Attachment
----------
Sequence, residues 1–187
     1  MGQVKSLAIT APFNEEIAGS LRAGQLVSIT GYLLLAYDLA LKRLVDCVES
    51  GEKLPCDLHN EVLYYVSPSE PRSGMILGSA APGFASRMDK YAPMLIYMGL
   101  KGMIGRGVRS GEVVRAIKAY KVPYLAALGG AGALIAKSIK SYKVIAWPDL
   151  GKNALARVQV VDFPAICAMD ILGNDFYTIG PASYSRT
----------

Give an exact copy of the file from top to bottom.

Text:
Sequence, residues 1–187
     1  MGQVKSLAIT APFNEEIAGS LRAGQLVSIT GYLLLAYDLA LKRLVDCVES
    51  GEKLPCDLHN EVLYYVSPSE PRSGMILGSA APGFASRMDK YAPMLIYMGL
   101  KGMIGRGVRS GEVVRAIKAY KVPYLAALGG AGALIAKSIK SYKVIAWPDL
   151  GKNALARVQV VDFPAICAMD ILGNDFYTIG PASYSRT